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Shared Learnings

Developing Effective Coalitions

  • Jun 01, 2016
By:
Anndee Hochman

Carpenters have table saws. Painters have camel-hair brushes. And social-change advocates have coalitions.

Coalitions—unions of people and organizations working to shape outcomes on a specific issue or problem—are tools, not ends in and of themselves. When they work effectively, they wield clout greater than the sum of their parts: They can broaden buy-in, tackle a broad range of goals, and benefit from the diverse viewpoints and strategies of their members.


Navigating Turf Issues

  • May 05, 2016
By:
Anndee Hochman

Turf struggles—conflicts over funding, ideology, strategy and recognition among organizations with seemingly common goals—are often stumbling blocks in the work of coalitions. But “turf” does not have to be a four-letter word.

According to Larry Cohen, executive director of Prevention Institute, a national non-profit committed to fostering health and social equity, turf struggles arise because coalition members care passionately about the work they do.  Therefore, acknowledging the struggles can actually make the coalition stronger because you also acknowledge the commitment and specific goals of members in the process.


Creating a Shared Vision: Why and How

  • Apr 01, 2016
By:
Anndee Hochman

In Alice’s Adventures in Wonderland, Alice queries the Cheshire Cat: “Would you tell me, please, which way I ought to go from here?” The Cat answers, “That depends a good deal on where you want to get to.”

Your community—whether it be a health clinic or school, neighborhood or entire state—also needs a vision in order to plot its next move. Without a shared vision, communities may flounder or fracture, lose momentum or become snarled in multiple, competing agendas.

“A shared vision starts with a question: Where do we want to go together?” Sandra Bloom, associate professor in the Dornsife School of Public Health at Drexel University, told MARC participants when they gathered in November 2015.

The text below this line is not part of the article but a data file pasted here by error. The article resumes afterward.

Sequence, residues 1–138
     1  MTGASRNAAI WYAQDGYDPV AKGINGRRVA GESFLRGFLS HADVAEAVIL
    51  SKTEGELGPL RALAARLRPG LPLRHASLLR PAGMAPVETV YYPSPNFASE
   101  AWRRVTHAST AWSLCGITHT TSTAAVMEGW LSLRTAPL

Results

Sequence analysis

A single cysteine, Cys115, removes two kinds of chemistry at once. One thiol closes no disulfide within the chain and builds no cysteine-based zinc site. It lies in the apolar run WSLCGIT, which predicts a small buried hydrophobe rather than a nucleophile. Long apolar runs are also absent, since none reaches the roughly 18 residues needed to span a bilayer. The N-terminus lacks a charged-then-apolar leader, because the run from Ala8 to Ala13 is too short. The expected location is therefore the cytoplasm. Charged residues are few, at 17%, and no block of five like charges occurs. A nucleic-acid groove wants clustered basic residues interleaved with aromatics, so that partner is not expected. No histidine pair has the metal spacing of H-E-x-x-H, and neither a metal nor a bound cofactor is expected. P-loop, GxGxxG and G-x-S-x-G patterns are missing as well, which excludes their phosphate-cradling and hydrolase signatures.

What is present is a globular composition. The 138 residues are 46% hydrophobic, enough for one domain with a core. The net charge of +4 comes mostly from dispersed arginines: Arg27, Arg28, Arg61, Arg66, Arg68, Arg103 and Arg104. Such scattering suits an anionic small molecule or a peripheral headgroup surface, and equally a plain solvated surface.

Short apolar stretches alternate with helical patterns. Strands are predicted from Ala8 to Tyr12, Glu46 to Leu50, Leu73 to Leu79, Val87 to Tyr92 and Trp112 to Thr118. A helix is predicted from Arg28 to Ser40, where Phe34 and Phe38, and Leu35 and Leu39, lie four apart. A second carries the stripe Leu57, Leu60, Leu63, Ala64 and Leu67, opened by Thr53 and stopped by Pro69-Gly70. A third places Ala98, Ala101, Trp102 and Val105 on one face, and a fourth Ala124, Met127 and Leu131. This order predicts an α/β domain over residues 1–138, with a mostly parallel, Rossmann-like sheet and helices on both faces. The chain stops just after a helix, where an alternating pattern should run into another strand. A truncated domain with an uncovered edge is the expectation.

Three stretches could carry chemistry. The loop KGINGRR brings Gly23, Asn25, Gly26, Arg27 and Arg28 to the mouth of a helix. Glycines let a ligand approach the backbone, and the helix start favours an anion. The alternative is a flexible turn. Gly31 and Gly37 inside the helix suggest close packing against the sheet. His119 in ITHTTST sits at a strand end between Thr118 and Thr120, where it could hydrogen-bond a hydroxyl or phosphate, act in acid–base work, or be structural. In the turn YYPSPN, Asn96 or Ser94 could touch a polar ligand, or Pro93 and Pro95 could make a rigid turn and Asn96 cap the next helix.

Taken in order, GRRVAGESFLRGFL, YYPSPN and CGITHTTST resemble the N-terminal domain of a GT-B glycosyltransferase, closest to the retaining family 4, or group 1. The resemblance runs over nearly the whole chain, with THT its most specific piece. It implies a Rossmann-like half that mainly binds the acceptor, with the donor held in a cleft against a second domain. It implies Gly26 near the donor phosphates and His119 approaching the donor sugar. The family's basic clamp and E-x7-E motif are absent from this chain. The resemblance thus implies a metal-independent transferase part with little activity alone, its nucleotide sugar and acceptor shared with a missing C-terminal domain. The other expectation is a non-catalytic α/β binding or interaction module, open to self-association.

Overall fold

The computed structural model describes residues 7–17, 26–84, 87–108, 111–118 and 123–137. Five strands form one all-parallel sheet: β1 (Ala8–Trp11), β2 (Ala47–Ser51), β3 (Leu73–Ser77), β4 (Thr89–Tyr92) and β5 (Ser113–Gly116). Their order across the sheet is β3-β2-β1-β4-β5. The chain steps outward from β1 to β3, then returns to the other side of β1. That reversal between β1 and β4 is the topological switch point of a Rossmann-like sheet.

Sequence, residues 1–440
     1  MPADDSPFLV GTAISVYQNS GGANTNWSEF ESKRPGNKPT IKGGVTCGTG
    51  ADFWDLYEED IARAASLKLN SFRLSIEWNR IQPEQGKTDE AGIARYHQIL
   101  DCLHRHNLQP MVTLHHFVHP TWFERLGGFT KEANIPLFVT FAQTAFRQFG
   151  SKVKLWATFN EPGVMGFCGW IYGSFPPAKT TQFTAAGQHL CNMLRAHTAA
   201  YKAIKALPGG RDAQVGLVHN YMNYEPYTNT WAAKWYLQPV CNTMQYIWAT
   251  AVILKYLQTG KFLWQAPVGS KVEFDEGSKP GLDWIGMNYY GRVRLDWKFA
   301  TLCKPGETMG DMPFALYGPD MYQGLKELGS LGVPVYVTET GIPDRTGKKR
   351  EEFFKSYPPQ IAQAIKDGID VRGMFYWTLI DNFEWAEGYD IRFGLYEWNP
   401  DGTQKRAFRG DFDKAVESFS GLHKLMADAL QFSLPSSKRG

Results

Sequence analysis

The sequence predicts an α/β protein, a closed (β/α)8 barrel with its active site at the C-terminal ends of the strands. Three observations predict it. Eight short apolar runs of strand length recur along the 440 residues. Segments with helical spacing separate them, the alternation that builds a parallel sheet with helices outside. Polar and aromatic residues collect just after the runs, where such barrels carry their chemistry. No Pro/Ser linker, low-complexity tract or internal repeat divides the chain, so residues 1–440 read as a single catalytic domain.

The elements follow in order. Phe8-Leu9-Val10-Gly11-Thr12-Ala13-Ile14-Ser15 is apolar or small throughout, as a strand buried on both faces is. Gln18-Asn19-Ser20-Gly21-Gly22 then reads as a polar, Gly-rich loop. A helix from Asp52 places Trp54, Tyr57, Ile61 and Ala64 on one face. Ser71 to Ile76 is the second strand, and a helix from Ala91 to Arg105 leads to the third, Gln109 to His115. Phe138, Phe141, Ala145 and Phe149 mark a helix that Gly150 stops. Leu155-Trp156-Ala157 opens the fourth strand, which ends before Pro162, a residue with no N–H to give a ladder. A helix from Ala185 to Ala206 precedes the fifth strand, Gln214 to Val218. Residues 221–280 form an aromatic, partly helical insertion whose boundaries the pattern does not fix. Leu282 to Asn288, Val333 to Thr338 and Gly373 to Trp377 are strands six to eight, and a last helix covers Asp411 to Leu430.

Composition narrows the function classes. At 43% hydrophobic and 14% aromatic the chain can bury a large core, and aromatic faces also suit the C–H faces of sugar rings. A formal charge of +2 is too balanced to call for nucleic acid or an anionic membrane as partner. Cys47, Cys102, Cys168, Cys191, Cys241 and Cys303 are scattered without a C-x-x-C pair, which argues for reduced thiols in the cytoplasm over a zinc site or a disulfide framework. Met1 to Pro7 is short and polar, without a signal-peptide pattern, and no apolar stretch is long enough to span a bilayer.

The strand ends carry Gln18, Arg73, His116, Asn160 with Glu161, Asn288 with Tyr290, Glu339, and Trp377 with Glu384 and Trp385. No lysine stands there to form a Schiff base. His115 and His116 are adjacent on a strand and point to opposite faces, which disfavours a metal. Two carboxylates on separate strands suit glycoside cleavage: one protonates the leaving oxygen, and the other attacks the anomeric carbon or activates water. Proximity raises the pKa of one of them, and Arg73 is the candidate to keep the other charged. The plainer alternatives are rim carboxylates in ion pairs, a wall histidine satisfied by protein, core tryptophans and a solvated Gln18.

In order to develop such a vision, members of the community—health workers and clients, principals and students, administrators and families—must be able to talk across barriers of age, gender, identity, race, class and experience. A shared vision fosters inclusion, instills a sense of purpose, bolsters internal commitments and clarifies next steps. It inspires. It becomes a measure of progress.

 


Using Stories to Build a Social Movement

  • Mar 09, 2016
By:
Anndee Hochman

Rosa Ana Lozada grew up in a San Francisco neighborhood riddled with domestic violence, child abuse and the frequent wail of police sirens. But home and family were the counterweight to violence and fear, said Lozada, now CEO of Harmonium, Inc. and a member of the San Diego Trauma Informed Guide Team.

During a two-day convening of Mobilizing Action for Resilient Communities (MARC) grantees, Lozada’s talk brought a hush to the room and underscored one of the gathering’s themes: Stories are essential to building social movements, including the growing effort to combat early adversity and build resilience across the nation.

Marshall Ganz, senior lecturer in public policy at Harvard University, has written about the role of stories in social movements; stories help us exercise agency, develop personal and collective identities and find the resources that enable us to act. Stories speak to both the heart and the head, and the most effective stories leave listeners with a sense that they, too, can make a difference.


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